Monday, June 13, 2016

Saying Goodbye Never Gets Easier

Saying Goodbye Never Gets Easier
Through the planning stages to execution to departure, the process of leaving new and old friends behind never gets easier.  I want to especially thank these outstanding individuals who made this trip memorable and productive.
The Faculty:
Rusty Brown, M.D.—The chair of past Radiology Education Days programs in Port-au-Prince, Rusty continues to provide the leadership, planning and execution necessary for success. His calm demeanor and professionalism throughout the experience makes it easy on both the faculty and staff to execute the program. 
Jennifer Nicholas, M.D.—Jennifer visited for the first time in 2013 and has become a mainstay working at both the University Hospital and St. Damien’s Hospital (where she and Lacy stayed and provided additional training). Jennifer has opened her home to Haiti radiology residents attending RSNA and has provided the enthusiasm, resources and outstanding teaching skills necessary to help improve the resident’s skills and development.
Ernst Garcon, M.D.—not only a talented teacher of cross-sectional imaging (primarily using CT), through his personal attachment with Haiti, Ernst has provided the necessary interpretation, cultural understanding and connections to assist in furtherance of both radiology and medicine in his homeland.  Ernst has proven to be an essential member of our team on this his 5th visit for the ACR and many others as an activist on behalf of improving care.
Julie Franz, M.D.—new to international outreach, Julie proved to be an inspiration to several residents who are seeking to build a women’s imaging program in the future. Her guidance and outstanding lectures were very well-received. Given the lack of
Lacy Gandor, RDMS--despite this being just her first visit to Haiti, Lacy proved a natural as she worked directly with the residents with hands-on ultrasound training. Working off the lectures of Drs. Franz, Nicholas and Brown, Lacy was able to provide outstanding hands-on examples as well as instruction for the proper use of ultrasound. We enjoyed her infectious enthusiasm throughout the trip.
Lauren Alfero—having planned multiple trips in the past and attended a former RED Days, Lauren continued to provide the support and expertise necessary for the effective delivery of the program to the residents. Lauren's ongoing commitment to international outreach have been integral to our ongoing programs.

Catherine Jones—handling much of the logistics for this meeting was Catherine Jones. Catherine’s attention to detail and logistical expertise kept us on task ensuring a very smooth meeting for faculty and residents.
Friends from Fujifilm/Sonosite
Special thanks go to Sarina Stow, Matt Combs and the team at Fujifilm/Sonosite Global Health Program for once again providing two loaner ultrasound machines that were well utilized by the radiology residents. These devices allow us to deliver critical hands-on training.  Sonosite has been with us from the beginning and we appreciate their years of dedicated assistance to our programs.     
Hospital Bernard Mevs and the Bitar Brothers
Special thanks to Hospital Bernard Mevs and the Bitar brothers. With one of only a handful of CT machines in the country, Hospital Bernard Mevs has become a critical site for the resident's training in cross-sectional imaging. Drs. Jerry and Marlon Bitar, two surgeons who also help run Hospital Bernard Mevs, provided us a lecture room and space to work on our hands-on ultrasound.  
Drs. Mainville, Telemaque and Michel
I want to specifically thank Drs. Mainville, Telemaque and Michel for their ongoing commitment to the radiology residents at the University Hospital. We look forward to continuing our work with you in the future.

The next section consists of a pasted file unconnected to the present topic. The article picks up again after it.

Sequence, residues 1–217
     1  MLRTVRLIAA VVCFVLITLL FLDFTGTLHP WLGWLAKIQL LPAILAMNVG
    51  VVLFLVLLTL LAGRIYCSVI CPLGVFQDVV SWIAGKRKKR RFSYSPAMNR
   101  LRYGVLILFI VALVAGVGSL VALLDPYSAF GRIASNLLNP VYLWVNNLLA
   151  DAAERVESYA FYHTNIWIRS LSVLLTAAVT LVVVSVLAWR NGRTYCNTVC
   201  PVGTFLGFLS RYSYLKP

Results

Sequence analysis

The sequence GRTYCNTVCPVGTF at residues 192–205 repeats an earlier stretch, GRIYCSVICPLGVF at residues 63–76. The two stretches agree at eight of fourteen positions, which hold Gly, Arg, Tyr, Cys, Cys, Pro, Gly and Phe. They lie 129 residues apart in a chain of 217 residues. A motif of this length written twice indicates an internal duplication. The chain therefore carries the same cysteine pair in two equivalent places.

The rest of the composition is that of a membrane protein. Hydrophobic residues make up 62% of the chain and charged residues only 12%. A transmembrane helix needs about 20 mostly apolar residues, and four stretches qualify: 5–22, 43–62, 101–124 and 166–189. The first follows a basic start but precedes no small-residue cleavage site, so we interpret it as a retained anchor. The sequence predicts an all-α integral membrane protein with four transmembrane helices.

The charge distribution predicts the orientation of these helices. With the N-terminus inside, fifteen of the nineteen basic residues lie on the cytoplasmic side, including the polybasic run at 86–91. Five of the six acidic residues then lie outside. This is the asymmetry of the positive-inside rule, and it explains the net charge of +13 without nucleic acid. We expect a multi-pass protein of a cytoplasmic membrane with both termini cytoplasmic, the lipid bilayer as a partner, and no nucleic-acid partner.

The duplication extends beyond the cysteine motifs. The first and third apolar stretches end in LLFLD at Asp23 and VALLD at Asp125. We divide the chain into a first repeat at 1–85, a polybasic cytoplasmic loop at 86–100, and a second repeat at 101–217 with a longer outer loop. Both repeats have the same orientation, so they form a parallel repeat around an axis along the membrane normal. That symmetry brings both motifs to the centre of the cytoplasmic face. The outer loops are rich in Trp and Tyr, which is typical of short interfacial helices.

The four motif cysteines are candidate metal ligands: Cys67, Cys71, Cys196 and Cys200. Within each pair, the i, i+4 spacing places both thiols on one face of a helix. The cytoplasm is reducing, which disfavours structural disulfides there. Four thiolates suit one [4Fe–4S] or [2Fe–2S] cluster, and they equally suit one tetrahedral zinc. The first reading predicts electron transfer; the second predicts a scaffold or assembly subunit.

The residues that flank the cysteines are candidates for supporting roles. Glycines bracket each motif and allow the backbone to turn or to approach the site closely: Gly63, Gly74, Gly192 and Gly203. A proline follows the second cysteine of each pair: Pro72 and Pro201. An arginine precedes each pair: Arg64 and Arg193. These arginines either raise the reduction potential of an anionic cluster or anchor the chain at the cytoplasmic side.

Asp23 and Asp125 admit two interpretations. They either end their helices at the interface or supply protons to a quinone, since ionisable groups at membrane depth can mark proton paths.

Dr. Bijou
I want to thank our friends at Grace Children's Hospital and ICC for their warmth and ongoing relationship. Particular thanks go to Dr. Bijou, Chuck Phelps, M.D. and Jeannine Hatt, M.D.
Ongoing Efforts of Volunteers and Organizations

While the ACR Foundation has worked to help radiology in Port-au-Prince, Haiti since 2011, it takes a village to help sustain and grow these programs. We are grateful for the ongoing working relationship we have with Imaging4Change (Drs. Crenshaw, Zivin and Parikh) and RAD-AID International (Drs. Sydnor and Stein-Wexler). We have also established many connections through radiology volunteers that have been going to Haiti long before the earthquake of January 2010. Finally, while much of Haiti's population is centered around and near Port-au-Prince, efforts by organizations such as Partners in Health and individuals (such as Drs. Mendel and Harris) have assisted in improving radiology elsewhere in the country. There are too many to be listed here but to you all we say THANK YOU!

Existing Radiologists and Radiology Residents at HUEH

Finally, we pay homage to the radiologists and the radiology residents of Haiti who work so tirelessly to improve radiological care in Haiti. You inspire us all. You represent the future of radiological care in Haiti and we hope to assist you in fulfilling your goals in Haiti. 

Radiology residents from the University Hospital (seen here interspersed with our volunteer faculty) represent the future of radiology in Haiti. Your knowledge, dedication and professionalism are greatly appreciated and serve as an inspiration to us all.  

Thursday, June 9, 2016

More Intensive Educational Sessions, Hands-On Ultrasound and Meetings with Officials Mark Day Three

The third day of our visit provided intensive morning didactic/interactive sessions on ultrasound of the liver and gall bladder given by Rusty Brown, M.D. and pediatric orthopedic ultrasound provided by Jennifer Nicholas, M.D. The afternoon sessions were highlighted by orthopedic ultrasound hands-on ultrasound sessions led by Lacy Gandor, RDMS.

Rusty Brown, M.D. provides a lend lecture on ultrasound of the liver during the third day of trip.

Amused residents enjoy listening to lecture from Jennifer Nicholas, M.D. Dr. Nicholas provided an extensive lecture on the use of orthopedic ultrasound in children.

During the afternoon, Drs. Brown, Ernst Garcon, M.D. and Brad Short visited with officials from Grace Children’s Hospital and took a tour of their new educational facility as well as their radiology department. Former Health Minister and current Medical Director, Dr. Josette Bijou provided an update on the radiological needs of GCH and the future prospects for expansion. Additionally, Dr. Bijou discussed the ongoing efforts of GCH to provide public health outreach in Haiti.  The hospital was significantly damaged during the January 2010 earthquake.